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The impact of early intervention and what happens if you cut services for preschool children Research shows that a child’s development score at just 22 months can serve as an accurate predictor of educational outcomes at 26 years. In other words, getting it right early is enormously important if children are to make the progress that we all want for them in life. This may seem obvious, but it is not currently reflected in national policy, which has resulted in the forced closure of services designed to support very young children and their families. The challenge for the future Those who lead in Councils, and in schools, are well aware of the need to invest in early intervention. Councils can’t do much about national political decisions on funding, but schools and other agencies can do something about raising awareness of the school readiness problem and taking action to improve the situation. There needs to be a greater linking of services at a local level, including schools, greater communication between schools and preschools. The preschool phase of education, with huge numbers of privately run nurseries, needs to be viewed as being just as important as the later phases. Otherwise we will always be trying to repair the damage, rather than preventing it happening in the first place.

Paul Stockley is a Primary Headteacher at Bradway Primary School in Sheffield where he is also Chair if the Primary Leaders Partnership. Find Paul on Twitter at @bradwaystockley.

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Image credit: Background image by Martin Burrett. Other images provided by Paul Stockley

Positivity Breeds Positivity

Social constructivist learning theories suggest today’s educators should create inquiry-based units asking learners to work together to think about big questions. Rather than the ubiquitous class novel study, I planned a unit asking my Year 7s to think about the future of fiction and whether technology can help us to tell a story.

Have you woken up in a bad mood, convinced that your day will be terrible and that nothing can improve it to find that, despite your insistence on misery, you end up smiling when you really don’t want to? I think we all have. This is because positivity is contagious. Consider this in every class you teach. Smile, laugh, encourage and be in a good mood (yes I am aware that on occasion you may have to fake it a little).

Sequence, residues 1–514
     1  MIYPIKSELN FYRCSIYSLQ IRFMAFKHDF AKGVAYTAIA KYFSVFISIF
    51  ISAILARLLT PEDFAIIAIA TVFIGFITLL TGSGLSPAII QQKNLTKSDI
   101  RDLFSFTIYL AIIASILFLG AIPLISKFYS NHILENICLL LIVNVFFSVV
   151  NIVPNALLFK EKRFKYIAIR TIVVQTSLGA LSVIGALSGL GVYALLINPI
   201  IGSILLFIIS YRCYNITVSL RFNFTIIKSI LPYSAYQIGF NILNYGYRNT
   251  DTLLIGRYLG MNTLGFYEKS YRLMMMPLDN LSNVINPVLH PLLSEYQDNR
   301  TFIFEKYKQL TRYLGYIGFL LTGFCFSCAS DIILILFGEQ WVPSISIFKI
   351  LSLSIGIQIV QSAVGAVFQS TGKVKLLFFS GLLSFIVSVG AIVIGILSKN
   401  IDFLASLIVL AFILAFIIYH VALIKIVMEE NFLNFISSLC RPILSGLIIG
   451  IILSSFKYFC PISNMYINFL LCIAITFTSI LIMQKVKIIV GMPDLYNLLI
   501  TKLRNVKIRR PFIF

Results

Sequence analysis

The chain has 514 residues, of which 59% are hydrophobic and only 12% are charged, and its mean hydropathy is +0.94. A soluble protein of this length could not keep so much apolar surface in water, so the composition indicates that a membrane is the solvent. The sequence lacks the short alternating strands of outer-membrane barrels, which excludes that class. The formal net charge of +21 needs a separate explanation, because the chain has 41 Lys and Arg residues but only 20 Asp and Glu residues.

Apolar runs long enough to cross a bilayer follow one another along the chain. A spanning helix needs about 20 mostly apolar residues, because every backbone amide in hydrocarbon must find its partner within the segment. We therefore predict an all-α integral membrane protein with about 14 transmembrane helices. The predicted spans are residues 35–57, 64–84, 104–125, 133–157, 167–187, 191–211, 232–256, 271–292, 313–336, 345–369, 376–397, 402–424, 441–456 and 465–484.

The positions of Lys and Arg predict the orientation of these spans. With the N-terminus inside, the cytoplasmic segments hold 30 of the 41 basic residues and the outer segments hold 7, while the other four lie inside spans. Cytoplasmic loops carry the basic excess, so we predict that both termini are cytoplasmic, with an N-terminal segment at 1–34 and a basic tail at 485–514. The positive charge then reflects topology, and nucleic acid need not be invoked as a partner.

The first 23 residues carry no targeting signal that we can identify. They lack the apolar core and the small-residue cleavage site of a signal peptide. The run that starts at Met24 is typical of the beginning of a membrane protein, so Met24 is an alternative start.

I am currently studying an MEd in Technology and this, combined with my love of books, is an area of great interest to me. As a twenty first century educator, I am constantly considering where reading and writing might be going for learners growing up in a digital age. I wonder if e-readers may re-engage learners who read more online but less and less in print. My unit was co-constructed with my Year 7s and covered the essential elements of stories, involved reading and discussing lots of stories, then ultimately deciding on a story to tell and a technology tool to tell it with. The class learned how to storyboard, draft, script, code, write, animate, create electrical circuits, film, create and tell stories using tools such as iMotion, Inklewriter, iBooks Author, iMovie, MinecraftEdu, Makey Makey and Scratch. Finally, they showcased their stories and wrote reflections on the skills they had developed, what they think they learned, what they’d like to improve upon, and what they were proud of, exploring whether or not they think technology can help us tell a story and where the future of fiction lies. @MrsHollyEnglish - Global Youth Debates Project Manager, English Teacher, Qatar

In Brief

The Future of Fiction?

Students respond, as all humans do, to their surroundings. If you come into a classroom with the weight of the world on your shoulders then EVERY student in there will pick up on that. You will soon bring them down. Go in happy and smiling, good moods are as contagious in the classroom as they are everywhere else. Smile and the class smiles with you! @mandmiles - GCSE Lecturer, Hampshire

Further Study “I’ve too much time on my hands,” said no teacher ever. Whilst this may be true, finding the time to undertake further learning of your own can have powerful effects on your role in your school. Whether it be pedagogical changes that impact on the children or improving your skills in helping colleagues the rewards are many. After 11 years of teaching I was starting to get in a rut with my career. However, undertaking an MA in education and the proper professional development that brings, refreshed parts of my teaching that other CPD couldn’t reach. @montgenev - Teacher & maths coordinator, Nottingham

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